Manhunt: Officers ended standoff because of threat, sources say
Officers decided to end the standoff at the cabin where Christopher Jordan Dorner was believed to be holed up because they considered him a severe and immediate threat to officers and the public, law enforcement authorities said Tuesday night.
In typical barricade situations with armed suspects, commanders at the scene try to calibrate their response between negotiating a peaceful resolution over an extended period and taking quick action.
But given that Dorner, 33, had allegedly killed three people, including a Riverside police officer, and then mortally wounded a San Bernardino County sheriff's deputy in a fierce gun battle with law enforcement Tuesday afternoon outside the cabin, authorities felt they had to move.
"We had to end this quickly," a law enforcement source told The Times.
As authorities moved into the cabin late Tuesday afternoon, they heard a single gunshot.
According to a law enforcement source, police had broken windows, fired tear gas into the cabin, and urged Dorner, over a loud speaker, to surrender. When they got no response, officers deployed a vehicle to rip down the walls of the cabin "one by one, like peeling an onion," a law enforcement official said.
By the time officers got to the last wall, authorities heard a single gunshot, the source said. Then flames began to spread through the structure, and gunshots, probably set off by the fire, were heard.
A tall plume of smoke rose as flames consumed the wood-paneled cabin. Hundreds of law enforcement personnel had swooped down on the site near Big Bear after the gun battles between Dorner and officers broke out in the snow-covered mountains, where the fugitive eluded a massive manhunt since his truck was found burning in the area late last week.
Law enforcement personnel in military-style gear and armed with high-powered weapons took up positions in the heavily forested area as the tense standoff progressed.
One San Bernardino County sheriff's deputy died of his wounds after he and another deputy were wounded in an exchange of gunfire outside the cabin in which hundreds of rounds were fired, sources told The Times. One of the wounded deputies was airlifted to Loma Linda University Medical Center, where he died.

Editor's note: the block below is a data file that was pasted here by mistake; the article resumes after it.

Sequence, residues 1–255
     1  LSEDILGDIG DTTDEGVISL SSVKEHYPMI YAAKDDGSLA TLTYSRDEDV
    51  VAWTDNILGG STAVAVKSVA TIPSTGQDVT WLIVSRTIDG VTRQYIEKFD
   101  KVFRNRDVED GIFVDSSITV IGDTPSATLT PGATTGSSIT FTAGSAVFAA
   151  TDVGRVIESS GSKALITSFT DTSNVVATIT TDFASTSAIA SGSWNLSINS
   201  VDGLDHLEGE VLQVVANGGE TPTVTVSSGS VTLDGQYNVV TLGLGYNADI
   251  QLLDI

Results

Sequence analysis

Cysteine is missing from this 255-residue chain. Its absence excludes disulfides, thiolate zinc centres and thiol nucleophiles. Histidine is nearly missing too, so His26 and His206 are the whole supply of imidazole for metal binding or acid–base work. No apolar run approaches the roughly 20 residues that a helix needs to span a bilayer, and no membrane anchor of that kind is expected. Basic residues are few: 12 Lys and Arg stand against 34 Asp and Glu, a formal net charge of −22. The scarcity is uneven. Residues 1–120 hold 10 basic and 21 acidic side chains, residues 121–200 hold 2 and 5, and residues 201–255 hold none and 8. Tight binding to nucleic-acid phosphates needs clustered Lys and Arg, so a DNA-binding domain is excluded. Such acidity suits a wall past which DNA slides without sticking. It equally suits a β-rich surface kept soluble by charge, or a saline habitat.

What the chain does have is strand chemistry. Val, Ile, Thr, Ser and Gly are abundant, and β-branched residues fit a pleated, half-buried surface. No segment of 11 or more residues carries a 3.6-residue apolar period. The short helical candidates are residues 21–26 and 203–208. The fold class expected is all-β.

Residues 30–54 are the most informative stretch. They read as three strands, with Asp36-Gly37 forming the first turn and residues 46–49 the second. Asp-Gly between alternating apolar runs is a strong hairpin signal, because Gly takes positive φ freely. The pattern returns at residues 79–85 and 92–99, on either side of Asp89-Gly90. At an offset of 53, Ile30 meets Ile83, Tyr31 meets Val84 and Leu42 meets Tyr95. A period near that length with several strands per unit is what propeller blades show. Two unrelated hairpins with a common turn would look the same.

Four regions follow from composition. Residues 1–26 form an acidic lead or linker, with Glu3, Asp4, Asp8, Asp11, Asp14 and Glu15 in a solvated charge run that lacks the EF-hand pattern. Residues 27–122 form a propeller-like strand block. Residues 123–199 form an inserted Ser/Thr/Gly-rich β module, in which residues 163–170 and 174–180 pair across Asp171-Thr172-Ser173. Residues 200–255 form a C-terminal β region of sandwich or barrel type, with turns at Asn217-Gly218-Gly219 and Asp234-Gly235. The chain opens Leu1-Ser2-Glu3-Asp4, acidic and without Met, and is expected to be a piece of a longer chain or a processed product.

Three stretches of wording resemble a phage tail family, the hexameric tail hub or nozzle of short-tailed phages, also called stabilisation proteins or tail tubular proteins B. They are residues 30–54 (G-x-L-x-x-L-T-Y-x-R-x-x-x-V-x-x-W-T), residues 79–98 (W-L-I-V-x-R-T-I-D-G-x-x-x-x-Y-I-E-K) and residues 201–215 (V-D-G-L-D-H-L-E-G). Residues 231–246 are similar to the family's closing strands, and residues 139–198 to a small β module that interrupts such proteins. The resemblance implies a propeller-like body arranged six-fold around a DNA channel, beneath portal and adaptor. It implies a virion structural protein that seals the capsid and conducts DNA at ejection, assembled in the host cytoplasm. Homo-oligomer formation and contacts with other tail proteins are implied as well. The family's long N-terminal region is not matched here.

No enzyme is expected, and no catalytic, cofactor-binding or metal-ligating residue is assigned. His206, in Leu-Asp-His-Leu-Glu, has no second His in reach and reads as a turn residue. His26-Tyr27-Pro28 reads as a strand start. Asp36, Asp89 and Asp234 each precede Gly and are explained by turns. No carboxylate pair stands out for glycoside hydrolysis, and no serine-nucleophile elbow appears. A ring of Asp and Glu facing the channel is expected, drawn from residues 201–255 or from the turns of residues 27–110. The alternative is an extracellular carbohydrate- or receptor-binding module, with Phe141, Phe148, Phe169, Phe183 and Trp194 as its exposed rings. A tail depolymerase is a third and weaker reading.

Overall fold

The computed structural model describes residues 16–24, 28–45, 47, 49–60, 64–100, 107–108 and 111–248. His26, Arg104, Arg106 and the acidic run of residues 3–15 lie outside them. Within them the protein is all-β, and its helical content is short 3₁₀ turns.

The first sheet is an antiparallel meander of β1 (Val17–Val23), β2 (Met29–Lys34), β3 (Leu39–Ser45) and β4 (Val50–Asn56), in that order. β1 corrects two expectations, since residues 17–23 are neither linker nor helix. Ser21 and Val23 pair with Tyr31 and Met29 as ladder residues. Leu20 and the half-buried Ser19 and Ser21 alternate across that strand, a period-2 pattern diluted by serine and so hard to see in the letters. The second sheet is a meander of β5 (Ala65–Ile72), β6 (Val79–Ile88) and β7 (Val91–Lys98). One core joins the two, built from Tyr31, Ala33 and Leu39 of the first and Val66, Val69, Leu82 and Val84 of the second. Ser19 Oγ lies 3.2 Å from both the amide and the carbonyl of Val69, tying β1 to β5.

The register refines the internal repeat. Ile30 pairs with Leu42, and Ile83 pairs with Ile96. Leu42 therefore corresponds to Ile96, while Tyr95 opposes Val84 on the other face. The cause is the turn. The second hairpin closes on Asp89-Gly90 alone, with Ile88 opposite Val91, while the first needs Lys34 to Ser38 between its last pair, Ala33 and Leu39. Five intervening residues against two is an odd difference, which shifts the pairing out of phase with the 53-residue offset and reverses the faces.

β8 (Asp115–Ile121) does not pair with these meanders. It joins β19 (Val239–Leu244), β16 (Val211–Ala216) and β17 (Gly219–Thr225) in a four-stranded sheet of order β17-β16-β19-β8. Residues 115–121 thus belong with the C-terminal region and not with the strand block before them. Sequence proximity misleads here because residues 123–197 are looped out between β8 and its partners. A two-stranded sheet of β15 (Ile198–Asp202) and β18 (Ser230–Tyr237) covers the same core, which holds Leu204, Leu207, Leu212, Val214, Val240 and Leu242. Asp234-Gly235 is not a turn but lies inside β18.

The afternoon gun battle was part of a quickly changing situation that began after Dorner allegedly broke into a home, tied up a couple and held them hostage. He then stole a silver pickup, sources said.
Dorner was allegedly spotted by a state Fish and Wildlife officer in the pickup, sources said. A vehicle-to-vehicle shootout followed. The officer's vehicle was peppered with multiple rounds, according to authorities.
Dorner then crashed his vehicle and took refuge in a nearby cabin, sources said. One deputy was hit as Dorner allegedly fired out of the cabin and a second deputy was injured when a man believed to be Dorner exited the back of the cabin, deployed a smoke bomb and opened fire again in an apparent attempt to flee. Dorner was driven back inside the cabin, the sources said.
During the unprecedented manhunt, officers had crisscrossed California for days pursuing more than 1,000 tips that poured in about Dorner's possible whereabouts -- including efforts in Tijuana, San Diego County and Big Bear -- and serving warrants at homes in Las Vegas and the Point Loma area of San Diego.
Statewide alerts were issued in California and Nevada, and border authorities were alerted. The Transportation Security Administration also had issued an alert urging pilots and other aircraft operators to keep an eye out for Dorner.
The search turned to Big Bear last week after Dorner's burning truck was found on a forest road.
At the search's height, more than 200 officers scoured the mountain area, conducting cabin-by-cabin checks. It was scaled back Sunday; about 30 officers were out in the field Tuesday, the San Bernardino County Sheriff's Department said.
Dorner allegedly threatened "unconventional and asymmetrical warfare" against police in a lengthy manifesto that authorities say he posted on Facebook. The posting named dozens of potential targets, including police officers, Dorner allegedly threatened to attack, according to authorities.
Records state that the manifesto was discovered by authorities Feb. 6, three days after the slaying of an Irvine couple: Monica Quan, a Cal State Fullerton assistant basketball coach, and her fiance, Keith Lawrence, a USC public safety officer.
Quan was the daughter of a retired LAPD captain Dorner allegedly blamed in part for his firing from the force in 2009.
-- Robert J. Lopez, Joel Rubin, Andrew Blankstein and Kate Mather
Photo: A San Bernardino County Sheriff's deputy walks along Club View Drive in Big Bear on Tuesday where Christopher Jordan Dorner was allegedly hiding. Credit: Robert Gauthier / Los Angeles Times